The Hunter and Other Stories
Richard Layman is pretty forthright and upfront in his Introduction to THE HUNTER AND OTHER STORIES, a collection of entirely uncollected and (mostly) unpublished stories by Dashiell Hammett that span his literary career from beginning to end. As Layman hastens to tell us, there are no Thin Man stories, Continental Op tales, or pieces that comfortably would have been included in Black Mask magazine. There is what appears to be the opening pages of an unpublished Sam Spade story, which, for aficionados of Hammett’s work, makes picking up this volume worthwhile all by itself. But there are other gems in THE HUNTER as well, including a treatment that was commissioned for a film but not used, at least initially. More on that in a minute.
THE HUNTER AND OTHER STORIES is obviously a labor of love. Layman and co-editor Julie M. Rivett, Hammett’s granddaughter, take a scholarly approach to organizing these stories, most of which see the light of day for the first time in this collection. They are divided into four sections --- “Crime,” “Men,” “Men and Women” and “Screen Stories” --- with the Spade fragment, “A Knife Will Cut for Anybody,” included in an Appendix. Each section contains an exhaustive introductory commentary that discusses the background of each story presented. These are instructive from a historical standpoint, but also ultimately constitute important reading for aspiring authors, given that they detail Hammett’s frustrations during the course of his literary career.
"THE HUNTER AND OTHER STORIES is obviously a labor of love. Layman and co-editor Julie M. Rivett, Hammett’s granddaughter, take a scholarly approach to organizing these stories, most of which see the light of day for the first time in this collection."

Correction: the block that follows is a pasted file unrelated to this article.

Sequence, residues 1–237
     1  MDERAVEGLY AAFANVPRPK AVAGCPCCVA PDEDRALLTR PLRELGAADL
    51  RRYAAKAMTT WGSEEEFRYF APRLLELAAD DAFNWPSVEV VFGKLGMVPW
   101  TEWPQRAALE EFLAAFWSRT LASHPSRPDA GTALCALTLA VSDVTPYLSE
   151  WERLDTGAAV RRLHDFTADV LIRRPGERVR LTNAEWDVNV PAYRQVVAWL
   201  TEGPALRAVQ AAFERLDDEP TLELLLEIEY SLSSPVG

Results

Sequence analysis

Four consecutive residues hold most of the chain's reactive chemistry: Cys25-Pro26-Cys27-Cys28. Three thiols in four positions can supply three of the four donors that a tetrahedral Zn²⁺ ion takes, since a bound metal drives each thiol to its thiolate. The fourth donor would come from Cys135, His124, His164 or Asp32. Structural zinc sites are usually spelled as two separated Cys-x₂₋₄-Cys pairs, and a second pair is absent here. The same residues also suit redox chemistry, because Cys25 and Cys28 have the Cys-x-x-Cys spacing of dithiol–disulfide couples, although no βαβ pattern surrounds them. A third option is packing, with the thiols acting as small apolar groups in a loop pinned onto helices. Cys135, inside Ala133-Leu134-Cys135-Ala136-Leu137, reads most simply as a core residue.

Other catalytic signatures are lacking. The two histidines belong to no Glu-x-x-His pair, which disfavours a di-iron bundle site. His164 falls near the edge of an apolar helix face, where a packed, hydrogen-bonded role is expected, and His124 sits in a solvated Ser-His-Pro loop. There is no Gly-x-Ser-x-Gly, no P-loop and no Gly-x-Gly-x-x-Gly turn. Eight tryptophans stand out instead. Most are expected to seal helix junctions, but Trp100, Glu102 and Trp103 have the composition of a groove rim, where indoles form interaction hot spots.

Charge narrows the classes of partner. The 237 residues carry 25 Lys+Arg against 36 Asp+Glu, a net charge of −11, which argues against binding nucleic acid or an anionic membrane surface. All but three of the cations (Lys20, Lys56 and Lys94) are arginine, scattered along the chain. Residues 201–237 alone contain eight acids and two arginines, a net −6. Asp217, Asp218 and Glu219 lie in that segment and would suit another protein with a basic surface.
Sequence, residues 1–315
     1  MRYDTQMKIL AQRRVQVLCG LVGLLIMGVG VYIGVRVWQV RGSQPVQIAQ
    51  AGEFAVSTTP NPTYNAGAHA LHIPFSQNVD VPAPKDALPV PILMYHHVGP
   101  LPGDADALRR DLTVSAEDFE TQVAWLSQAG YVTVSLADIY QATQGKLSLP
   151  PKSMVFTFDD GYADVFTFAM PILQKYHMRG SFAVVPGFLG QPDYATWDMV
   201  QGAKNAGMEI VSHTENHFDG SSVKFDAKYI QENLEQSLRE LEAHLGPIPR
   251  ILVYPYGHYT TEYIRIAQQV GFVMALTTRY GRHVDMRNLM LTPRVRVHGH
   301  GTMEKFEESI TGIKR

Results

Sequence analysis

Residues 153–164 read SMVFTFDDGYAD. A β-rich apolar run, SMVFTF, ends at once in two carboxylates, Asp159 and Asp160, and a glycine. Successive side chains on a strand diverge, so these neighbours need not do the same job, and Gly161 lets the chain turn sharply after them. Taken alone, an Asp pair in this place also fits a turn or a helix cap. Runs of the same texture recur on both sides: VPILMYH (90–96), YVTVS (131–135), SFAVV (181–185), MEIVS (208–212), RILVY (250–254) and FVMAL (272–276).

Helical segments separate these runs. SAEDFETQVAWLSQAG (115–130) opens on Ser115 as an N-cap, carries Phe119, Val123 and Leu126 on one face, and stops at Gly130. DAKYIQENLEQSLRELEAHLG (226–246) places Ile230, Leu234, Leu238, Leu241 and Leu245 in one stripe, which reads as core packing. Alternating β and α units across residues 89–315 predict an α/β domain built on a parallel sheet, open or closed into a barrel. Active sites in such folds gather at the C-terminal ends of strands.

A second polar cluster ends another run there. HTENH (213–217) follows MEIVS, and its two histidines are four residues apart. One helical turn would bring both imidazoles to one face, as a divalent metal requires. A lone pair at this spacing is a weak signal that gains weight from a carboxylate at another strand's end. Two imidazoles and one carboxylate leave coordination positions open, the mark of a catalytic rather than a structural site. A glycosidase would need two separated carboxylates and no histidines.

Ultimately, though, readers will come for the stories, and there are indeed some great tales that stand up well some eight decades after they were first written. One of the crime stories, “The Diamond Wager,” is a reverse caper story, a bit awkward in its execution but suspenseful nonetheless. Then there is “Magic,” from the “Men” section, a caper story of a decidedly different sort, in which it is a matter of the heart and not the execution of a crime that provides the tale’s impetus. However, it is a story titled “Week-End” that may be the most complex one in the book. It is found under the “Men and Women” section and is a coming-of-age tale of sorts, involving a woman whose rendezvous with a lover in San Francisco signals an end, but a beginning as well. It presents, as do many of these stories, a side of Hammett that most of us have never seen, and is accordingly somewhat startling, if quietly so.
What is ultimately my favorite inclusion is a lengthy film treatment titled “On the Make,” commissioned and initially rejected as a movie. Hammett reworked it a bit into the version presented; it was ultimately sold and, with significant changes, made into the film Mister Dynamite, which quickly faded into obscurity. The changes are unfortunate, as “On the Make” is quite entertaining, featuring a detective who is less a rumpled knight than a good-natured and confident conman who plays his clients and their adversaries against the middle. I wouldn’t mind seeing Hammett’s treatment, as presented here, faithfully executed at some point with George Clooney or Bruce Willis at the wheel.
Rivett indicates in her Afterword that THE HUNTER AND OTHER STORIES is probably the last collection of “new” Hammett stories that we are likely to see. If that turns out to be the case, this collection is certainly a worthy monument to an important and brilliant literary career, one that reveals a heretofore hidden side to one of America’s most important fiction authors.
Reviewed by Joe Hartlaub on November 22, 2013